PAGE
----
I was surprised how personal it was, and how much it meant to my mom to see all her recipes handed down. She literally had tears in her eyes.
Boise, ID (PRWEB) November 04, 2011
When Ted Miller lost his job a few years ago, he was broke and dreading Christmas. “I only had a few bucks, and I wanted to stretch that money out. So I thought, why not take all of my mom’s recipes and make cookbooks for her and the rest of the family?” Some typing and $30 later, and he had five family cookbooks to place under the Christmas tree. “I was surprised how personal it was, and how much it meant to my mom to see all her recipes handed down. She literally had tears in her eyes. Mom still says it’s one of her favorite presents ever.”
With tightening budgets and the rising cost of travel, many families are planning for a toned-down holiday season. However, families are finding that just because they may have to forego the giant family dinners, they do not have to give up on the traditional family cuisine. Many gift-givers see this as an excellent opportunity to share their cooking heritage without breaking the bank.
There are typically three different ways to turn family recipes into great gifts: recipe binders, recipe boxes, and printed cookbooks. Each has its advantages and disadvantages, according to Erin Miller, wife of Ted and owner of CookbookPeople.com. “I love keeping family recipes,” says Erin. “When I saw what Ted made, I just knew I had to make a business out of this. After a lot of hard work, we’re now the largest online store of recipe binders, recipe boxes and our own cookbook-printing software, because really, each has its own benefits.”
RECIPE BINDERS: These are by far the most popular way to organize recipes. Many such binders are flimsy white binders bought for under $4 at any office supply store. “They don’t have to be ugly, cheap-looking and overcrowded, though,” says Erin. “You can buy a beautiful binder that will show your pride in your recipes for under $20.” They can have ornate designs, be made out of leather, and be filled with page protectors and dividers to better organize and store fragile recipes.
Recipe binders come in two categories: half-page and full-page. Half page binders fit half of an 8.5”x11” normal sheet of paper (5.25”x8.5”). Their compact size, lower cost and lighter weight make them the more popular format. Full page binders fit a full size sheet of paper, hold twice as many recipes, and are perhaps more impressive as a gift. Either may be customized with tab divider labels to better personalize the layout. Page protectors ensure recipes are not damaged by spills, and make them easier to reorganize as the recipe binder grows. Most can hold both recipe cards and printed out cookbooks.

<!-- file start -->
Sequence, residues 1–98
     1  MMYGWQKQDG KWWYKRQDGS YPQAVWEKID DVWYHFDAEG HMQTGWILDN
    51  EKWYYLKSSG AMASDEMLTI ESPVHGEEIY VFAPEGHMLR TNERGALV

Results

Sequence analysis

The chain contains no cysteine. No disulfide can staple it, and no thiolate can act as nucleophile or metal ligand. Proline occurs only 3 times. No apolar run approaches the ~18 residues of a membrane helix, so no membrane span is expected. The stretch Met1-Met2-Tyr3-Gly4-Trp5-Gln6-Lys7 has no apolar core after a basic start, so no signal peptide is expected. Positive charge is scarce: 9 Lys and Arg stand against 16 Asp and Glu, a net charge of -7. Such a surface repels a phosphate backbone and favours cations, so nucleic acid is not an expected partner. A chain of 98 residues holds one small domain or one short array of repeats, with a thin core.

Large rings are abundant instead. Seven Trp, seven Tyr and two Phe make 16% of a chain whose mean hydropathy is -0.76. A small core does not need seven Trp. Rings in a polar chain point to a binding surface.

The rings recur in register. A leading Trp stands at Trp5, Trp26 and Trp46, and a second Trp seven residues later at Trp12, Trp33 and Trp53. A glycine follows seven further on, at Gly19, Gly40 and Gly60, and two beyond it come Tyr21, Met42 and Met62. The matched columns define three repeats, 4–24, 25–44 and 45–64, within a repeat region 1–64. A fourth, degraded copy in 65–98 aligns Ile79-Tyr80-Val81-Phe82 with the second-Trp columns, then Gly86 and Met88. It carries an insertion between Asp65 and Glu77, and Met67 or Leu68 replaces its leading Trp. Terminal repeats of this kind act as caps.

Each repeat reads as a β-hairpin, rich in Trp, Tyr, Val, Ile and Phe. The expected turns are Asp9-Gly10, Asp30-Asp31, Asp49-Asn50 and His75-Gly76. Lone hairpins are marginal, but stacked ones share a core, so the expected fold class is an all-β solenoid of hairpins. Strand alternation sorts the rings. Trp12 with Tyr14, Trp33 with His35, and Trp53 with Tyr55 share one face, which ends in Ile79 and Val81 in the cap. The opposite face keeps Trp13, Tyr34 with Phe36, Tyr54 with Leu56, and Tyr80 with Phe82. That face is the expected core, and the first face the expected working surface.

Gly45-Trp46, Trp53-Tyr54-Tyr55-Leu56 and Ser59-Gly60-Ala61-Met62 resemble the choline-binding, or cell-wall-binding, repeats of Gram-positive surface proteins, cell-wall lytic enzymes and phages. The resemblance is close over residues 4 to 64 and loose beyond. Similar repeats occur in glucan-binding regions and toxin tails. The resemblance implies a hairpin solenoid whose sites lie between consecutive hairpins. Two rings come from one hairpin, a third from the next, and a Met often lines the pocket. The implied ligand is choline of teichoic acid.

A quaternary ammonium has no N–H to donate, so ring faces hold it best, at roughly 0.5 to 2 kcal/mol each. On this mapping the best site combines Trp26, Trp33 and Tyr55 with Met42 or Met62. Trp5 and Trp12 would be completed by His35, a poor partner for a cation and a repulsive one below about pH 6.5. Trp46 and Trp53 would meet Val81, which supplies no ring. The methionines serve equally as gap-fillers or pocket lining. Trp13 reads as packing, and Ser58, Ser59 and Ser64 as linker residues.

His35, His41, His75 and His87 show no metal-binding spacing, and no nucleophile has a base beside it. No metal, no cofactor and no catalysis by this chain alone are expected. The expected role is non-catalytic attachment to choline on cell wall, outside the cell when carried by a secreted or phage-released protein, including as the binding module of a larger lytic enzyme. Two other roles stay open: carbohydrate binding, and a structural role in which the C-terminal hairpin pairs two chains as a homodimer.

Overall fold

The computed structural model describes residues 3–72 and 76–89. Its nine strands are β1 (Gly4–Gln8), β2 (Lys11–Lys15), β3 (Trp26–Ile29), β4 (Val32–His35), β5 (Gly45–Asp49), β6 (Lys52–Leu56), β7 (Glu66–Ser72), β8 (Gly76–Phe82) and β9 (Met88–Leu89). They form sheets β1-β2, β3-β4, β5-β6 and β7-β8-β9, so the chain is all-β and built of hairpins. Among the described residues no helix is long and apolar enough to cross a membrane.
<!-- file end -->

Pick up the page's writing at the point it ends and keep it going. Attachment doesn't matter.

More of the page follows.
Prices for half page binders vary from $15 to $30, while full page binders vary from $15 to $90. Either type of binder, when loaded with personal and family favorites, will have much more value than what was paid. Recipe Binder Selection at CookbookPeople.com.
RECIPE BOXES: Dating back to at least the 1930’s, the recipe box is the most traditional recipe storage medium. Its small footprint makes it great for tiny kitchens, and it can be especially ideal for those who maintain a small selection of recipes. A box packed with 30 or 40 hand-written recipes can make a truly touching gift.
Recipe boxes have their practical limitations, though. Newspaper clippings and printouts don’t easily fit. The cards are not well protected from wear. They can become easily disorganized. Hand-written cards are by nature more difficult to duplicate. But for those who love the age-old tradition of swapping hand-written recipe cards with a good friend, a fine recipe box can make a delightful gift.